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Thailand’s Finance Ministry to Inject Bt10 Billion into Thai Airways



Thai Airways Posts a 155% Increase in Revenue

Thailand’s Finance Ministry announced in August that it intended on inject Bt10 billion into Thai Airways International to keep its shares from falling below 40%.

According to Pantip Sripimol, the State Enterprise Policy Office director-general, the ministry would sell part of its holdings in other state firms to generate the necessary capital.

There has yet to be a decision regarding which state-owned enterprises would be targeted. Policymakers will have the final say. With a 47% stake, the Ministry of Finance is the national carrier’s largest shareholder.

As a general rule, the cash intended for the recapitalization of the financially troubled airline would not come from the ministry’s central budget.

The move comes after the Central Bankruptcy Court approved THAI’s amended corporate reorganization plan on October 20, kicking off a comprehensive financial restructuring procedure.

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Following a better-than-expected comeback from its most financially difficult period in history, the debt-ridden flag carrier submitted the amended plan.

Thai Airways Internatioal’s balance sheet has improved significantly after lifting Covid-19 border restrictions, which has resulted in increased passenger and cargo traffic in recent months.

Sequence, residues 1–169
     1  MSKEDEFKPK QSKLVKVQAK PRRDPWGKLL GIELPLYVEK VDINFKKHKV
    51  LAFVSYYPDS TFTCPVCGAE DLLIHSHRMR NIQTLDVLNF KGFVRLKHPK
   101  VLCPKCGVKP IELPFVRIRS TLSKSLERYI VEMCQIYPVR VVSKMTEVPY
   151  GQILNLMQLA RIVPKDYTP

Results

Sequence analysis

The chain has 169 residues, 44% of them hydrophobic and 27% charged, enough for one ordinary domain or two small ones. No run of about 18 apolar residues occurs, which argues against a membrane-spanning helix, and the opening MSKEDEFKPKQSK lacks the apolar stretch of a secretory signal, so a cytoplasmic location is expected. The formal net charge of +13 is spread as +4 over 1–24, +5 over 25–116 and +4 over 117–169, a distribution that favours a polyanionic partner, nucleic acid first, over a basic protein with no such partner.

Most shareholders, including the ministry, have approved the updated strategy, which is vital for reviving the airline and bringing it out of rehabilitation.

Thai Airways will, after that, begin converting debt into stock and recapitalizing. The idea calls for the Finance Ministry to own at least 40% of the carrier.

It was previously stated that the debt-to-equity conversion and recapitalization plan is worth 25 billion baht and will be completed over the next two years.

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Reduction of Thai Airways fleet

The company has also implemented extreme cost-cutting measures, including reducing its employees from 29,000 to 14,400 and it’s fleet from 103 planes to 58.

It is expected that once the airline implements the new plan and returns to profitability while servicing its debts, the company will likely be relisted on the stock market by the end of 2024.

Ms. Pantip stated that the Sepo would approve the sale of the Finance Ministry’s non-listed business shares. The majority of those shares were obtained through the purchase of foreclosed assets.

Thai Airways aims to complete its court-supervised financial restructuring plan by 2024. It declared bankruptcy in 2020 after incurring losses every year since 2013. However, a resurgence in worldwide air travel has increased its cash flow and lowered the number of loans indicated in the court’s first plan.

“Thai Airways’ condition is significantly improved,” said Arkhom, boosting creditors’ and shareholders’ confidence in the airline’s survival and future.

State-owned banks will be able to provide the entire 13 billion baht in new loans requested by the airline – around half of the 25 billion baht demanded previously. According to him, the new amount can be fully funded by state banks.

Thailand reopening its borders and other nations’ opening their borders will also help currency flow.

The most profitable flights for Thai Airways are those with connections to Europe.

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